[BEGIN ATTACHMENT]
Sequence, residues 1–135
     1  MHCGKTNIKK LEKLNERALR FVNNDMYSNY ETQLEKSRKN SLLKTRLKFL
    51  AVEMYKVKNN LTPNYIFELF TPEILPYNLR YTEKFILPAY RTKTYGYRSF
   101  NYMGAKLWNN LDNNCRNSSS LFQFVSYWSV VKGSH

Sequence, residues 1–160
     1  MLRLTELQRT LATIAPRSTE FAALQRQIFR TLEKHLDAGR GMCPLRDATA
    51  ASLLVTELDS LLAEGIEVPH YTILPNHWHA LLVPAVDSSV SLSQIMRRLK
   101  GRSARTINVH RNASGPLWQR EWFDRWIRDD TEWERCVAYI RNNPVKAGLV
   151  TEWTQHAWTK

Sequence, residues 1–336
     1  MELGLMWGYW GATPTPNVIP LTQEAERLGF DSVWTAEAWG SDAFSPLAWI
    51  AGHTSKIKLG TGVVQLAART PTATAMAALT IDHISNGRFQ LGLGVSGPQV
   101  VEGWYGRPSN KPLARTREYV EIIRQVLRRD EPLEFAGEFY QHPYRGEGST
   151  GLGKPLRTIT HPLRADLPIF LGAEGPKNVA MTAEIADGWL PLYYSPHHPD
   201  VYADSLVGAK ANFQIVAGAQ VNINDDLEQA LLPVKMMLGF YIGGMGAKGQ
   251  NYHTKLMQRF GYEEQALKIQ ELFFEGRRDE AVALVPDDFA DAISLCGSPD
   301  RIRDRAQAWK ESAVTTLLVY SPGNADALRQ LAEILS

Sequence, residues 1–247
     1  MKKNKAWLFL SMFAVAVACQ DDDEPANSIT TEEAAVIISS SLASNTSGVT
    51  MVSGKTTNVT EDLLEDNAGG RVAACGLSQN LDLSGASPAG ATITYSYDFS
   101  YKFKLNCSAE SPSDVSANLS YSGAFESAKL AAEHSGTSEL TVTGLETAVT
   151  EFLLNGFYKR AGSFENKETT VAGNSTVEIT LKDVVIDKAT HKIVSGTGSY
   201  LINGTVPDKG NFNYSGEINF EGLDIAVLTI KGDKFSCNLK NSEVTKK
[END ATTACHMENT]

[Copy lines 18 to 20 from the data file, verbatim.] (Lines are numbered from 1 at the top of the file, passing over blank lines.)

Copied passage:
Sequence, residues 1–247
     1  MKKNKAWLFL SMFAVAVACQ DDDEPANSIT TEEAAVIISS SLASNTSGVT
    51  MVSGKTTNVT EDLLEDNAGG RVAACGLSQN LDLSGASPAG ATITYSYDFS